Pakistan’s ISI has for long been active in Nepal, supporting terrorist activity against India. The 24 December 1999 hijacking of the Air India IC 814 Kathmandu-Delhi flight with 180 passengers and crew, by ISI-sponsored terrorists is well documented. ISI has also been complicit in fake currency racketeering and organising safe havens for criminals. Pakistan Embassy and ISI have reportedly been meddling politically too, in the Terai and Madhesh area, operating key communicators to influence Muslim voters in favour of KP Oli. Post the ban on PFI in India, their cadres have become active in Nepal playing to the tune of ISI.  

India’s relationship with Nepal is built on the foundations of grass root linkages. Amongst the strongest bonds are the 40,000 Indian and Nepali Gorkha soldiers as well as about 90,000 Indian Army pensioners in Nepal. Symbolic yet significant is Nepal’s Army Chief being conferred the Honorary rank of General of the Indian Army and the reciprocal honour given to India’s Chief of the Army Staff.

According to an IDSA report of 2017, there are approximately 1,27,000 pensioners: 90,000 from the Indian Army and 37,000 of the Central and State Governments as well as para-military forces in Nepal. The Defence Wing of the Embassy of India in Nepal runs three Pension Paying Offices in Kathmandu, Pokhara and Dharan, to manage pensions and welfare. The Indian Ex-servicemen Welfare Organisation in Nepal (IEWON) is an independent organisation chaired by the Ambassador of India with representation from senior officials from the Governments of Nepal and India.

CPN – UML leaders have been occasionally objecting to the impropriety of sovereign citizens of Nepal serving another country. This is malicious propaganda as it belies the socio-economic value that the arrangement provides to the youth of Nepal. More importantly, the trust that India reposes in the citizens of Nepal, where any citizen can join and rise to the highest ranks in India’s Armed Forces. The institutional strength of the Army and the qualities of the soldiers have ensured that they weathered the stresses posed by the decade-long Maoist insurgency in Nepal. But in today’s social media hyperactive environment attempts to incite the serving Gorkha soldiers could have serious ramifications.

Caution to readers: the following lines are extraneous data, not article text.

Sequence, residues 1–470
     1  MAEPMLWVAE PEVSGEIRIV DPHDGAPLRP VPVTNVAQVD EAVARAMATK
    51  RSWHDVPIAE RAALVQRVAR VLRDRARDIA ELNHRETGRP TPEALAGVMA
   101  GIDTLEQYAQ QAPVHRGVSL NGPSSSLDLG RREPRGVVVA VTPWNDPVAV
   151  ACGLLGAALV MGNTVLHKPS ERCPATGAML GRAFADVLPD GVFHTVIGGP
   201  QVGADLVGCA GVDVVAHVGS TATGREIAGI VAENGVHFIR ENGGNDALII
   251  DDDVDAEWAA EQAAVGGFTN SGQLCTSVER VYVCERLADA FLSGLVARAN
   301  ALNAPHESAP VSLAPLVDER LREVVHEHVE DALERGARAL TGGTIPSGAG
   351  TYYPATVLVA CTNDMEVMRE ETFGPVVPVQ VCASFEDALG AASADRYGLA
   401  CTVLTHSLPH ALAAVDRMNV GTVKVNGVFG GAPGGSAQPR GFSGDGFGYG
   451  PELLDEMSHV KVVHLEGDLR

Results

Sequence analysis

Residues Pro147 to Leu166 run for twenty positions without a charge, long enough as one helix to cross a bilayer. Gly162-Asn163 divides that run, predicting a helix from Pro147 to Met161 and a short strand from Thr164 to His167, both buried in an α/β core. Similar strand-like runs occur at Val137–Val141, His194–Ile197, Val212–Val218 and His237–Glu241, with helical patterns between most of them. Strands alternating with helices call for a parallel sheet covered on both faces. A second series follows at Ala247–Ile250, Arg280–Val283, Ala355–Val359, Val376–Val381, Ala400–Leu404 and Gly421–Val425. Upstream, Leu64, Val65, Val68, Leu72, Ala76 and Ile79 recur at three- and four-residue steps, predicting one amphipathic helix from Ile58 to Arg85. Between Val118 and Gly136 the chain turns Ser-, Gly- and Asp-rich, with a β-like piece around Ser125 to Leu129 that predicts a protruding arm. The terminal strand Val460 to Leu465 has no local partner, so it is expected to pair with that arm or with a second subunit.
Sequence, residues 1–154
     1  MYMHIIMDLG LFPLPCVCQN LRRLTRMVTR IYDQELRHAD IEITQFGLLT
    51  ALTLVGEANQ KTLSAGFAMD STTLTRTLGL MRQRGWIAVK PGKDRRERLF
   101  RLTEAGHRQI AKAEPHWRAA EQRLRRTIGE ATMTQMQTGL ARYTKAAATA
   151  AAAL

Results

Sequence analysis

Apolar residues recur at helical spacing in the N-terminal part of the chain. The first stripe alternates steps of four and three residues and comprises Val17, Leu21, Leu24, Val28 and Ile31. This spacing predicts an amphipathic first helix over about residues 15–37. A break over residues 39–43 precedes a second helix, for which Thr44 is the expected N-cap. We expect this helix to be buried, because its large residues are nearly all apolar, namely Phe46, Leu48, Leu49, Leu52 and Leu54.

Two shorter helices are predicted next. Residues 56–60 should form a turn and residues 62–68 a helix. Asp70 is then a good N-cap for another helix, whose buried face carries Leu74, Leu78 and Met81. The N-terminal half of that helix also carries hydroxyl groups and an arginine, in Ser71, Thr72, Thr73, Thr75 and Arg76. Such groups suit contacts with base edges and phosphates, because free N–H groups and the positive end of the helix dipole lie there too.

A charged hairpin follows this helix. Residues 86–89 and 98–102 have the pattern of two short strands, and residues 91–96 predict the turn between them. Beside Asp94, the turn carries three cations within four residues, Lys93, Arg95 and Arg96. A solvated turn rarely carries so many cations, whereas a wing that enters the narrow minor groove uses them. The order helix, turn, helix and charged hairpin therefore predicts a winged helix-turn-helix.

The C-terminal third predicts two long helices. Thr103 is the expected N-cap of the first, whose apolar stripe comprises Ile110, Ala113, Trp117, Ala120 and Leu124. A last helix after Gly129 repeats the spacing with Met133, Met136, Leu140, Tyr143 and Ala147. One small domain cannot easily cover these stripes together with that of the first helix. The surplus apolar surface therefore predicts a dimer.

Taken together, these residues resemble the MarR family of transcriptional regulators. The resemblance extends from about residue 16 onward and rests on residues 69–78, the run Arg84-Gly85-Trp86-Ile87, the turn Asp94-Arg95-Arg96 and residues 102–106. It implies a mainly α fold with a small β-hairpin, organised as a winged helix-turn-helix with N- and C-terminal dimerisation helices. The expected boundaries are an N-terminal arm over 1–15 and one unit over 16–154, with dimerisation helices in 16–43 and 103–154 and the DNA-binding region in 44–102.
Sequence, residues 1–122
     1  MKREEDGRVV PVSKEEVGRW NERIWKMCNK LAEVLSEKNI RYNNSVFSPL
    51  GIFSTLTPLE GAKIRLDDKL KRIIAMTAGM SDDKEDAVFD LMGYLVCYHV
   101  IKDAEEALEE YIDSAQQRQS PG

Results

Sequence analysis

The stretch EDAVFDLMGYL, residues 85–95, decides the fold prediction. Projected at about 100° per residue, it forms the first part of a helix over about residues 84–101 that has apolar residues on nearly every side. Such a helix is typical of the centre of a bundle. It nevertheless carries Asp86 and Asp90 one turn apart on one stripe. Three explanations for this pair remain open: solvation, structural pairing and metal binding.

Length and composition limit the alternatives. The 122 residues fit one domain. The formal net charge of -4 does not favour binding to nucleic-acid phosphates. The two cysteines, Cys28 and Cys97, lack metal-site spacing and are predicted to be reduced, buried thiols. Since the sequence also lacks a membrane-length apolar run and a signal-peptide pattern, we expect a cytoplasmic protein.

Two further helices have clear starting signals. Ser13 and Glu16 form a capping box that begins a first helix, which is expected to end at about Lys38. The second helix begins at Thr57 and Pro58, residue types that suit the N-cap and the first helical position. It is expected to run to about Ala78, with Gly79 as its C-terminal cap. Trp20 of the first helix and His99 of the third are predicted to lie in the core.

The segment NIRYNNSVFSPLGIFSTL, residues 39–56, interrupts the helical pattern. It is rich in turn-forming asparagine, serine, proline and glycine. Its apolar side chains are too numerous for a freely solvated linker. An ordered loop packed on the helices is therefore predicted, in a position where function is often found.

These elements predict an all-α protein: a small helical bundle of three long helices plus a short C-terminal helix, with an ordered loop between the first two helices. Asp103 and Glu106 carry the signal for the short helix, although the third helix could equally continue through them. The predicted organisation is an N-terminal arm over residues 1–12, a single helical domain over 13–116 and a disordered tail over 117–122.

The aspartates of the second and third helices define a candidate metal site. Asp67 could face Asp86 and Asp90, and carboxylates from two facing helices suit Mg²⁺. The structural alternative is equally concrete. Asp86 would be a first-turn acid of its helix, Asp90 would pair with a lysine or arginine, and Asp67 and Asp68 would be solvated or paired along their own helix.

In 2020 the Prime Minister of Nepal made some caustic remarks in the Parliament, following the release of a new political map of Nepal, placing areas of Kalapani, Limpiyadhura and Lipulekh as part of their territory. Reiterating the stance, earlier this month, KP Oli inaugurated his party's nationwide election campaign by stating, "We will bring back land, including Kalapani, Lipulek and Limpiyadhura." 

China's influence in Nepal has risen exponentially in the last decade. Pakistan’s ISI activities in Nepal are well-established.  Getting a pliable political party or coalition in power in Nepal is obviously part of the many layers and multiple facets of the collusive designs of China and Pakistan against India.  

Time-honoured India – Nepal relations are going to be tested yet again. India will have to rise to much tougher challenges, requiring many faceted investments to build on the strong foundations of the relationship.

(The author is a former Member of the National Security Advisory Board and Deputy Chief of Army Staff)